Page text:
Gift #4 — Stargazing and “Not Knowing”

Welcome back! I hope you enjoyed Thanksgiving as you practiced your new habit of Gratitude. Have you been keeping your own TUG4 journal?

In my last post I mentioned the Wise Men as students of the stars. If you are not familiar with the story of the birth of Baby Jesus, I’m sure that reference is confusing. The Wise Men appear in the Christmas story in the book of Matthew 2:1-12. Here is the text from the New Revised Standard Version:

In the time of King Herod, after Jesus was born in Bethlehem of Judea, wise men from the East came to Jerusalem, asking, “Where is the child who has been born king of the Jews? For we observed his star at its rising, and have come to pay him homage.” When King Herod heard this, he was frightened, and all Jerusalem with him; and calling together all the chief priests and scribes of the people, he inquired of them where the Messiah was to be born. They told him, “In Bethlehem of Judea; for so it has been written by the prophet: ‘and you, Bethlehem, in the land of Judah, are by no means least among the rulers of Judah; for from you shall come a ruler who is to shepherd my people Israel.’”

Then Herod secretly called for the wise men and learned from them the exact time when the star had appeared. Then he sent them to Bethlehem, saying, “Go and search diligently for the child; and when you have found him, bring me word so that I may also go and pay him homage.” When they had heard the king, they set out; and there, ahead of them, went the star that they had seen at its risings, until it stopped over the place where the child was. When they saw that the star had stopped, they were overwhelmed with joy. On entering the house, they saw the child with Mary his mother; and they knelt down and paid him homage. Then, opening their treasure chests, they offered him gifts of gold, frankincense, and myrrh. And having been warned in a dream not to return to Herod, they left for their own country by another road.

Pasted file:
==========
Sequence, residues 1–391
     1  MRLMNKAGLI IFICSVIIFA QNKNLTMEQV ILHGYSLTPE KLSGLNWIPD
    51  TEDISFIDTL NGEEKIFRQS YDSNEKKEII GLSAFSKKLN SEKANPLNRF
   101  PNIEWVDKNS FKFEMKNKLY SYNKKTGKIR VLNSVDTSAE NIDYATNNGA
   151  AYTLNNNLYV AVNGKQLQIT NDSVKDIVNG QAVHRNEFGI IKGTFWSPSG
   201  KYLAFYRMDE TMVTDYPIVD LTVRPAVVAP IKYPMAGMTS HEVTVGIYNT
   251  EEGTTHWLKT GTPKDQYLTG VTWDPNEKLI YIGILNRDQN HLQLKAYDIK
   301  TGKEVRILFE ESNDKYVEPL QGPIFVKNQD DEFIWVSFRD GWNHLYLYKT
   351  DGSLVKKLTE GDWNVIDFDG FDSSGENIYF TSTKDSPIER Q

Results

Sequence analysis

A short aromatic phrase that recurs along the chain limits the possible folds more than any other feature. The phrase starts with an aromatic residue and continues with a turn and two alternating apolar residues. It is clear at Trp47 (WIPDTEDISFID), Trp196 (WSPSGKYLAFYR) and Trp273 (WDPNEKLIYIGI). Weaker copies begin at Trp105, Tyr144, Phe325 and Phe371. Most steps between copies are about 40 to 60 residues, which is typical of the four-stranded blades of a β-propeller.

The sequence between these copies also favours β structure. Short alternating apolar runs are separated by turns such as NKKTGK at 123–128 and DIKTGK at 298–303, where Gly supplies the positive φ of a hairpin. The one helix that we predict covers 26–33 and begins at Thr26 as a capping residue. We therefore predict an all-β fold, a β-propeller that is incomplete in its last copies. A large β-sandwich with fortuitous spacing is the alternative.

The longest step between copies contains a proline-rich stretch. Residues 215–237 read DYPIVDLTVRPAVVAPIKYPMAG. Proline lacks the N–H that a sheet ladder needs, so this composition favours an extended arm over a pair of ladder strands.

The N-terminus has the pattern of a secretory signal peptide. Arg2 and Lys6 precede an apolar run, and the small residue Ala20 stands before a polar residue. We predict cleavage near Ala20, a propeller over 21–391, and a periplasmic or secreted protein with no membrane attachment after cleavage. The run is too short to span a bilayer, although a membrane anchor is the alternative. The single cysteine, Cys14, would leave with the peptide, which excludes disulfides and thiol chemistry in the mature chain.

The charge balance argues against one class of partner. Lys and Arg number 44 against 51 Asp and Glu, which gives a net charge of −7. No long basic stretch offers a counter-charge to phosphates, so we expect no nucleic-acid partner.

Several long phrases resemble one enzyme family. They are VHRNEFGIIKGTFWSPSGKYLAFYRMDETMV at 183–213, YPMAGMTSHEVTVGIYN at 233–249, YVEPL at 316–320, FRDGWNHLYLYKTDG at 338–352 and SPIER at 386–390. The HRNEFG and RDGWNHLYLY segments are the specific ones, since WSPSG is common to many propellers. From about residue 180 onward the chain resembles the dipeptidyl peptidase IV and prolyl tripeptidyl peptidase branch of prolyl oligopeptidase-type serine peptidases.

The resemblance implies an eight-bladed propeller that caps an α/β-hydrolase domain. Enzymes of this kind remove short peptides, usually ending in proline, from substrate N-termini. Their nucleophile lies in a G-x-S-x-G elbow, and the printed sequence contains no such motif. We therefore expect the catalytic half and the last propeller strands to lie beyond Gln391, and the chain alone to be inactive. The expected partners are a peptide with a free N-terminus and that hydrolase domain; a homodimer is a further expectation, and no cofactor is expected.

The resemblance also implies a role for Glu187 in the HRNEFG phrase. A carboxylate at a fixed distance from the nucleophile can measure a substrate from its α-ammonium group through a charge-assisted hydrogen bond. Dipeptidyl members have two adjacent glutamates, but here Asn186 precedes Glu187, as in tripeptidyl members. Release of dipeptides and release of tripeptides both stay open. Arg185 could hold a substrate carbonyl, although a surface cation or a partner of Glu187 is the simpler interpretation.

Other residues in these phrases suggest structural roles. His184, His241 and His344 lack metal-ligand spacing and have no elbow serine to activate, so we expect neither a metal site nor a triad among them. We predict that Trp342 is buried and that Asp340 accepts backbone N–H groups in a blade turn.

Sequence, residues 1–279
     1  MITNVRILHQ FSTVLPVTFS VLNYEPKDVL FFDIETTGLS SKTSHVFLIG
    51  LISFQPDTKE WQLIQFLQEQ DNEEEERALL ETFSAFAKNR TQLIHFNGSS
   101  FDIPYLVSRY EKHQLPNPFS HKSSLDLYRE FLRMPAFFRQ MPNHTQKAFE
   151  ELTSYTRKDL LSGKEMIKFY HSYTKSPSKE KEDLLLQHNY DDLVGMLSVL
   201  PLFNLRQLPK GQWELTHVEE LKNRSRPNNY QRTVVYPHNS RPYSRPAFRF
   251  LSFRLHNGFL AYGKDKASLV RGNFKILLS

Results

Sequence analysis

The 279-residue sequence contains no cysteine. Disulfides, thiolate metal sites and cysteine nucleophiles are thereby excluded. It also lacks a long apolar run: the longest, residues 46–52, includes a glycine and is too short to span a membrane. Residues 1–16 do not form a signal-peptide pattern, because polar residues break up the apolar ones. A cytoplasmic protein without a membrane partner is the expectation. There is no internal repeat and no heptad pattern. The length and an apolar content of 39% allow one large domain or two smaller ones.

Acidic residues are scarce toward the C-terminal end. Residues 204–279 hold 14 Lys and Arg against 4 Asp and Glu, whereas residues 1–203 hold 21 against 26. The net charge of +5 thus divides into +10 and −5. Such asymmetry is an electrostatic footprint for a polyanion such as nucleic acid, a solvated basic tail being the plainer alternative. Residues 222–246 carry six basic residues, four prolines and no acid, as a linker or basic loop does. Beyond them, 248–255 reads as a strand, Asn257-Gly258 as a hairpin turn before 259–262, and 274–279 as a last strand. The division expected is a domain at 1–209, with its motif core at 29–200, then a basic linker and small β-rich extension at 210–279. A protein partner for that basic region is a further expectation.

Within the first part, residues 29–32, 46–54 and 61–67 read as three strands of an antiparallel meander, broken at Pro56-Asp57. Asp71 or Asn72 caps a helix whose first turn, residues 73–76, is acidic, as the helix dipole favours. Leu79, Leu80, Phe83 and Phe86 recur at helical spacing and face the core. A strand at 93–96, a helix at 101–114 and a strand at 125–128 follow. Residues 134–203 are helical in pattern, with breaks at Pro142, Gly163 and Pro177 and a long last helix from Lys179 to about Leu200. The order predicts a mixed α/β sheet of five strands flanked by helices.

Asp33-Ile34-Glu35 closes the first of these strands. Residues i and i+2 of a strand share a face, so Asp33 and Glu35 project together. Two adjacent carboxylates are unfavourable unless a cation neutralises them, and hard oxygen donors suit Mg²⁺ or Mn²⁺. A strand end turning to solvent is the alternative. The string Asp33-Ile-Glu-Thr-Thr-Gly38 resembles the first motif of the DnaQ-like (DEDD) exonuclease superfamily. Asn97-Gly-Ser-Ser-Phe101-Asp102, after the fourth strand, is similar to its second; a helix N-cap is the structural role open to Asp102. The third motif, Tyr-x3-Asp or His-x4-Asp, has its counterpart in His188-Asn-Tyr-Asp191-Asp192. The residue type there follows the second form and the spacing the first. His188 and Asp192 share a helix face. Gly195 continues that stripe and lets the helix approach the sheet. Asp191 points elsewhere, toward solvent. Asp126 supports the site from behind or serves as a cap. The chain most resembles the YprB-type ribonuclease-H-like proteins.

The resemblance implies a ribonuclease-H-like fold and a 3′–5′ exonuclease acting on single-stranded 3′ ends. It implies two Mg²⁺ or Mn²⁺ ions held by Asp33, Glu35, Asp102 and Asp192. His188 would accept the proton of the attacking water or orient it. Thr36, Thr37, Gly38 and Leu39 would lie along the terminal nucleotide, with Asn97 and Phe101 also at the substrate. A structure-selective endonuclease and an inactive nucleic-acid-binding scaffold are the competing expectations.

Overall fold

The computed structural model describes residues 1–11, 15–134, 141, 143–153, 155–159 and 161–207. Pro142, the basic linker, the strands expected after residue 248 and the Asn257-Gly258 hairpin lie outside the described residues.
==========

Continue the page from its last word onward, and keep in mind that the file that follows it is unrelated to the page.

That’s all we really know about who these Wise Men were. They came from the East and they studied the stars. Notice Matthew does not even say how many there were. Christian tradition suggests it was three but that is because they offered three types of gifts of gold, frankincense and myrrh. That’s it. That’s all we know.

I’ll be honest. I just Googled “who were the wise men” because I thought I might learn more about them. What I found were various commentaries on what we do and do not know based on Matthew’s writing and various traditions passed down from generation to generation. Most likely, they were educated men who used the stars not only for navigation but also to make predictions. They are the type of scholars who were probably supported by royalty and served as advisors to whoever was in power in their own country.

I think God winked at me this morning. I donated an old dictionary to a thrift store this morning, the same day I’m writing about giving yourself permission to “not know” the answers. Sitting down to write, I did a little research on the internet about how close the nearest star, Alpha Centauri, is. It’s about 4.22 light years away. I also “Googled” the different parts of our eyes like the retina, cornea and iris. In my lifetime, finding information has changed from having to look something up in a heavy book like a dictionary to being able to “Google” a question and get an answer in seconds. Staring at stars night after night looking for answers like the Wise Men of Bible times just sounds painful. It also means there were many nights when no answers showed up. The thought of sitting still with “not knowing” certainly seems unacceptable today. And yet these men were considered “Wise.”